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Metro Newsroom

Council members introduce resolution to preserve rural character of districts; It would be first scenic corridor designation in Jefferson County

Monday May 17, 2004

Media Release
For Immediate Release

For Information Contact:
Jennifer F. Brislin


Patrick H. Neely

Country roads that wind around lush green vegetation and are framed by a canopy of trees – this may not be the first image that comes to mind when you think of America’s 16th largest city.

But these vistas are an asset worth preserving.

With the goal of sustaining the rural character of Louisville Metro, Councilmen Robin Engel, R-22; Stuart Benson, R-20; and James Peden, R-23, filed a resolution Thursday to create scenic corridors in their districts.

This designation is allowed through Cornerstone 2020. It marks the first time that the designation could be enacted.

“It’s a quality-of-life issue,” Engel said. “Folks live in this area because they appreciate the beautiful views of nature. They were overwhelmingly supportive of this idea when we discussed it at a community meeting in February.”

Benson said it is a top concern for his district as well.

Downard will be identifying possible scenic corridors in District 16 while conducting a larger study and a Small Area Plan for the Wolf Pen Branch corridor. Heiner will hold an information meeting for area residents in the next few weeks.

After the council votes on the resolution, the Louisville Metro Planning Commission will hold a public hearing and make a recommendation. That recommendation would then come back to the Council for final approval.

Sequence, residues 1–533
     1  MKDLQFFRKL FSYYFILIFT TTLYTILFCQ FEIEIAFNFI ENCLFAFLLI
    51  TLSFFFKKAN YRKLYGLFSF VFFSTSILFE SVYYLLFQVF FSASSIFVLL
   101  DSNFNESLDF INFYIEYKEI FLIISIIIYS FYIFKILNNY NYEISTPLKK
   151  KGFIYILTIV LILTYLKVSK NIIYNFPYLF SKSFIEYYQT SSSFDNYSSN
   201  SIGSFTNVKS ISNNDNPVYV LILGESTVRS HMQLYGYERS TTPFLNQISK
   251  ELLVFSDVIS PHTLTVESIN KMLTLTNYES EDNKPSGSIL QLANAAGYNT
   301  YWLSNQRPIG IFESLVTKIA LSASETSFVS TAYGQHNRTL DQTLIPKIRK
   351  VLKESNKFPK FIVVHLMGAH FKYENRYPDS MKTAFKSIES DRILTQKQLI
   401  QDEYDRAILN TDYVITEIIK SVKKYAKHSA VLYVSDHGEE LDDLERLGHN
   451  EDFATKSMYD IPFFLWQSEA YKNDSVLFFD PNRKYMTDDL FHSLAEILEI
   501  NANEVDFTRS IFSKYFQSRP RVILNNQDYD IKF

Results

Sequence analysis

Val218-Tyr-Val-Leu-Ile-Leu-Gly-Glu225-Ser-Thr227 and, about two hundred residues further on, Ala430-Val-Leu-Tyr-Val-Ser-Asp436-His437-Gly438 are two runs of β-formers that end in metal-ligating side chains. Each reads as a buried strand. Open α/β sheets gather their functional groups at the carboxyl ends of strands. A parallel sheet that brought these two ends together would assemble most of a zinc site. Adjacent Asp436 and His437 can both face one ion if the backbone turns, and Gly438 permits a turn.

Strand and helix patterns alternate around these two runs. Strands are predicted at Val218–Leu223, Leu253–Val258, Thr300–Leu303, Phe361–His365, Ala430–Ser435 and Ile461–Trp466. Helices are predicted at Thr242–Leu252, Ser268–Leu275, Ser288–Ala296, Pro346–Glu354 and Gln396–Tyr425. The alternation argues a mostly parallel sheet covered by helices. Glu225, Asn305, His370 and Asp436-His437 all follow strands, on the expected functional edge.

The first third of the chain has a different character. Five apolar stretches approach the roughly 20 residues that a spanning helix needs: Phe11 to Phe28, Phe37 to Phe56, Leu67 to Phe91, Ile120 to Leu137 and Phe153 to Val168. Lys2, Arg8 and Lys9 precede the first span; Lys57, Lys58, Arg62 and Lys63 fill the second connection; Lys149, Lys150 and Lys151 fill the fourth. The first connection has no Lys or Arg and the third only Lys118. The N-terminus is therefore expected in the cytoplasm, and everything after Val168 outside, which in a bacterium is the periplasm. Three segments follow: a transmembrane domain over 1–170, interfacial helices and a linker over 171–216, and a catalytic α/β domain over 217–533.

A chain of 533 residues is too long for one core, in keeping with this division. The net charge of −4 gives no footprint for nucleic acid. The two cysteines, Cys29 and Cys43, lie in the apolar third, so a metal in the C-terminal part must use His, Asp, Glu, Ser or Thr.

“I believe it is a priority to keep the scenic character of the area in mind when any new development is planned,” Benson said. “We want to make sure the natural beauty of the area can be enjoyed by our children and grandchildren.”

The scenic corridor designation preserves the rural character in several ways, including: in an R-4 zone, new subdivisions must be setback 30 feet from the road. In a scenic corridor, that amount increases to 50 feet, and first 30 feet must be heavily landscaped and include an increased amount of trees; fencing for new subdivisions within the 30-foot buffer area cannot be chain link; and road construction requires extra protection for trees within the right of way.

“This issue is important to residents who live in the Southern and Southeastern portions of the county,” Peden said. “It is an area that still retains some of the most rural aspects of the county, but it also is facing the most development. Designating scenic corridors will help retain the natural beauty without halting development.”

Councilmen Ken Fleming, R-7; President Kelly Downard, R-16, Hal Heiner, R-19; and Doug Hawkins, R-25, will be adding roads in their district to the resolution when it is heard in the Planning & Zoning Committee on May 18.


Stuart Benson (R)  20
Kelly Downard (R)  16
Robin Engel (R)  22
Kenneth C. Fleming (R)  7
Doug Hawkins (R)  25
Hal Heiner (R)  19
James Peden (R)  23